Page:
Yorkshire Wildlife Park Foundation are delighted to assist in an innovative project to save critically endangered lemurs.
A new school and research centre are almost built as part of an international programme to support the species in their native Madagascar.
YWPF has granted the project £5,000 a year for the next three years to fund a conservation project in an area where slash-and-burn land clearing and hunting have devastated lemur populations.
The project is run by the AEECL, a charitable consortium of European zoos and universities, dedicated to lemur conservation.
It operates in the remote north-west reaches of the Indian Ocean island, collaborating with local communities to raise awareness of the importance of conservation, build schools, fund schoolteachers, restore forests and improve the economy.
A school at Antafiabe, on the edge of the Ankarafa Forest, Sahamalaza National Park, is 65% complete and buildings to house research workers are well advanced and, in a boost to the economy that will encourage local support, there first ecotourists have visited the centre to witness blue-eyed black lemurs in the wild.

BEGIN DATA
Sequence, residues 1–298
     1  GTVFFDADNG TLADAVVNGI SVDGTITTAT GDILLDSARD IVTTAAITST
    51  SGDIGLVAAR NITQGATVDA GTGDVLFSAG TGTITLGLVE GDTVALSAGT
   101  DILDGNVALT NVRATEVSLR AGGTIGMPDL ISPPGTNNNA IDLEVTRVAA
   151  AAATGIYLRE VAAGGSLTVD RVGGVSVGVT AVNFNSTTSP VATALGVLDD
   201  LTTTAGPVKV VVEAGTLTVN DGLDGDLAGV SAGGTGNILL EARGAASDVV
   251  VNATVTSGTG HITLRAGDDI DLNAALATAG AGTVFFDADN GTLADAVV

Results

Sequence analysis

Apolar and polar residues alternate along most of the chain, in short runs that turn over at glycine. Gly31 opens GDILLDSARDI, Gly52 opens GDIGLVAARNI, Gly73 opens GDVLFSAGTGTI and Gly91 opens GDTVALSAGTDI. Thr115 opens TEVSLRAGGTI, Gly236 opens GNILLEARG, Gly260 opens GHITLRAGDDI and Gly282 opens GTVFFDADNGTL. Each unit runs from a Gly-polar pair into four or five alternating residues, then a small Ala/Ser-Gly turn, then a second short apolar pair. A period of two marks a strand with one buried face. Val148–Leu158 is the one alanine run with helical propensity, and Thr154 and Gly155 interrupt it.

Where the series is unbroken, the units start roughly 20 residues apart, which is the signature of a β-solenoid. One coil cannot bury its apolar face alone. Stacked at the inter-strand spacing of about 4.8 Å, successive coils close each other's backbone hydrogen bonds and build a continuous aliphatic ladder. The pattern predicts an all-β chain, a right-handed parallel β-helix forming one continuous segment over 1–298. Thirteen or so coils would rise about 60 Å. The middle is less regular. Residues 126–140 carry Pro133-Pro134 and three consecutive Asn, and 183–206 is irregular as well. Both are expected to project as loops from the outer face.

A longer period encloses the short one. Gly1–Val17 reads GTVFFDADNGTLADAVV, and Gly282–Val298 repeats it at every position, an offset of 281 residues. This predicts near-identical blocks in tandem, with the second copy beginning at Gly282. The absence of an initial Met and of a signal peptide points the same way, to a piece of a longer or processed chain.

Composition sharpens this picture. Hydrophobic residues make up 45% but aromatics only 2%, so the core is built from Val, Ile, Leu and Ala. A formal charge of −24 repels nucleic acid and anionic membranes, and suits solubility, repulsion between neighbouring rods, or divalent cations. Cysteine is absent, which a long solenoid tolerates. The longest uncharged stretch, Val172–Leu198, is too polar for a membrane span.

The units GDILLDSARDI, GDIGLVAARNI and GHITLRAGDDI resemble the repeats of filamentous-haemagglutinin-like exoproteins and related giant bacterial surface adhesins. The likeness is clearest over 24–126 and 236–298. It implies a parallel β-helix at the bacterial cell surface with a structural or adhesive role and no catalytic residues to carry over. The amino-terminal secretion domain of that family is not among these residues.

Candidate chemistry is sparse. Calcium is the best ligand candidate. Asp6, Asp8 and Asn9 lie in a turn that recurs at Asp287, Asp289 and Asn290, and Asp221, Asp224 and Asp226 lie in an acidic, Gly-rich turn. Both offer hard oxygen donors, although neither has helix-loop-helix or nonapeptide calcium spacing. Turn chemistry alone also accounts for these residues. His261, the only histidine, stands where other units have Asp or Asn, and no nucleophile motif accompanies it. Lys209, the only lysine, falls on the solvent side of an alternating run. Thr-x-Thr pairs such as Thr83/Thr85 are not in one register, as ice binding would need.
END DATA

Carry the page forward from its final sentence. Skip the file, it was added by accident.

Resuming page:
“It is great to see the project making progress and already making a positive difference to local life,” says Cheryl Williams, Foundation trustee.
“The scheme’s success is crucial to the survival of the species whose numbers have dipped to below 1,000.
“This project offers great hope for the local community providing work, schools and economic boosts from ecotourism and the combination will promote the importance of conservation to both the lemurs and the people.”
Yorkshire Wildlife Park’s walk-through reserve Lemur Woods has raised funds to help YWPF’s support of lemur projects, it is also home to the red-bellied and ring-tailed lemurs.
If this lemur conservation project has inspired you, pledge your support with a donation to the YWPF today and help make many more projects like this possible.